Regulatory reforms are headed in the right direction to provide greater transparency in an otherwise opaque derivatives global market. But now, 12 years after the regulatory measures were determined at the G20 Summit, are we able to generate valuable insights from the reported data? Unfortunately, not quite.
This gap explains the influx of revisions to trade reporting rules that will be enforced globally in the next few years to ensure consistency and standardization in data collection and reporting format to yield data, which provides insightful analysis for risk identification and monitoring.
Related: The Journey to Global Data Harmonization in Trade Reporting
Currently, regulators in the Asia Pacific (APAC) region, which includes the Australian Securities and Investments Commission (ASIC), Monetary Authority of Singapore (MAS) and Hong Kong Monetary Authority (HKMA), are deliberating on the data sets including identifiers and other trade reporting elements with an aim to align with other jurisdictions’ regulatory rewrites and produce a more consistent data set to better detect interconnected risk.
To help firms navigate these proposed changes, I participated in a virtual event with Nicola Barry, ANZ Bank Head of Regulatory Management; Bruce Perry, Barclays Managing Director, Head of Operations, Asia Pacific; and Xiangjing Ng, ISDA Director, Public Policy, Asia Pacific.
If you missed the session, you can click here to register to watch the replay. A summary of what was discussed is below:
Aligning Implementation Date
As the go-live date of the regulatory rewrites varies across jurisdictions globally – between 2022 and 2024 – firms will have to adjust their reporting processes and accommodate differing implementation timelines given that OTC derivatives trades are often reportable in multiple jurisdictions.
As critical data elements (CDE) and identifiers including unique product identifiers (UPIs), unique transaction identifiers (UTIs) and legal entity identifiers (LEIs) – recommended by CPMI IOSCO1 working group on harmonization (Harmonization Group) – are increasingly being adopted in the regulatory revisions to enable global aggregation and analysis of reported data, there should be a synchronized path to implement these standards globally. This will reduce confusion and unnecessary costs to reporting entities. While the preferred option is to go for a single implementation vis-à-vis a staggered launch, regulatory bodies in APAC often take a concerted effort when administering regulatory changes, bringing about greater alignment and synergy in the region.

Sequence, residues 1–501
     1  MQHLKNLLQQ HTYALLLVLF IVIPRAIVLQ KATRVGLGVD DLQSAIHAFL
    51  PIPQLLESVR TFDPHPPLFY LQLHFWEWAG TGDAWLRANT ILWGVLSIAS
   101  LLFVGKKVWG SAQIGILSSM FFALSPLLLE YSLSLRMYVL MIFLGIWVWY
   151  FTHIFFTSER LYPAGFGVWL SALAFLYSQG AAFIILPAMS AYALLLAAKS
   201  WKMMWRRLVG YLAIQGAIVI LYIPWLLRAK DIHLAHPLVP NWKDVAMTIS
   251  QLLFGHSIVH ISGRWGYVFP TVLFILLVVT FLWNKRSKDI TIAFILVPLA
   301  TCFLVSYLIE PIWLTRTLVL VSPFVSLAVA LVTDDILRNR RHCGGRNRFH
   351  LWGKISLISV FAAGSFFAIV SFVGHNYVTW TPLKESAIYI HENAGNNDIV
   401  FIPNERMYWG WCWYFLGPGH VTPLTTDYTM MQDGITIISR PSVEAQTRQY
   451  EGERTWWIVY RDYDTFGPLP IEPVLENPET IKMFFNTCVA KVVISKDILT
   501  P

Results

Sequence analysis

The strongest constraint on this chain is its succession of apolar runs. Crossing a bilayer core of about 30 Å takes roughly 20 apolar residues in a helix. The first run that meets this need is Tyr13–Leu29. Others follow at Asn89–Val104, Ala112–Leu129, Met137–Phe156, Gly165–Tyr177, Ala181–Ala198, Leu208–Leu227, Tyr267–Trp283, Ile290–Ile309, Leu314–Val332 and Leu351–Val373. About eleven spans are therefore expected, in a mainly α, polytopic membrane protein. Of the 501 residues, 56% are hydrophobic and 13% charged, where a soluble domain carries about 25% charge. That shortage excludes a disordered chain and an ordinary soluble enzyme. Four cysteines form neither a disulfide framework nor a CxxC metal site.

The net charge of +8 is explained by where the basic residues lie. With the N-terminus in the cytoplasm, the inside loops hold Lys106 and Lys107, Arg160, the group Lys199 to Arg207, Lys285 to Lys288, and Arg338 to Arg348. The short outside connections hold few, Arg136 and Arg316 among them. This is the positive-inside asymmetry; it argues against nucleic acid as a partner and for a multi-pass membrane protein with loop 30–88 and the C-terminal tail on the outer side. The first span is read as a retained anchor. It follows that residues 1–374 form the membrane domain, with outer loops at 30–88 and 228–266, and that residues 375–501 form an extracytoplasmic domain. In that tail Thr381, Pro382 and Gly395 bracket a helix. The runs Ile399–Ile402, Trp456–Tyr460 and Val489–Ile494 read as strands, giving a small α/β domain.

Preparing for Regulatory Updates
In the coming months, firms will have to review changes stipulated by major regimes worldwide and work within a squeezed timeframe. Our panel recommended that firms first undertake a gap analysis on the reportable data and new trade data elements to be adopted. At the cross jurisdictional level, it needs to be determined if data definitions are aligned and if they follow the CPMI IOSCO guidance. If there are any doubts in the interpretation of definitions, firms should seek clarity through industry working groups to ensure the correct data capture.
We also agreed that counterparties should be educated on new data elements like UPI, UTI and LEI that will be included in the revisions. Regulators in APAC presently allowed the use of alternative identifiers such as AVOX ID or SWIFT BIC code in place of LEI in a transaction.
To meet the new regulatory demands, time is, of course, needed to enhance existing systems or overhaul processes – onboarding, trade booking, trade confirmation, margining through data reconciliation. As the key driver for the regulatory updates is data quality, internal controls must be put in place or enhanced to validate data accuracy. We believe that it is the right time to holistically evaluate and establish a scalable framework for ongoing compliance.
Integrating Different Dots
While the regulatory revisions proposed by the respective regulatory bodies represent a remarkable improvement in the consistency of data to be reported, DTCC’s in-depth analysis revealed that there are cross jurisdictional deviations on the adoption of CDEs, impeding global aggregation as a result.
In the absence of a completely harmonized set of reporting data, it is critical that firms look to design and build a flexible solution that can accommodate different data requirements – leveraging data analytics tools to mitigate operational risk.
Managing an Evolving Regulatory Landscape
Finally, it was stressed that we need to invest in data to draw value from data-based insights. Data will inform the way forward – getting upstream data right will ensure the correct course of action or decision be taken downstream. By integrating data with the right tools, firms will not only be able to detect, correct and prevent potential issues but will also be able to produce accurate and clean data to strategically meet future trade reporting requirements.
1 CPMI IOSCO1: Committee on Payments and Market Infrastructures (CPMI) and the Board of the International Organization of Securities Commissions (IOSCO)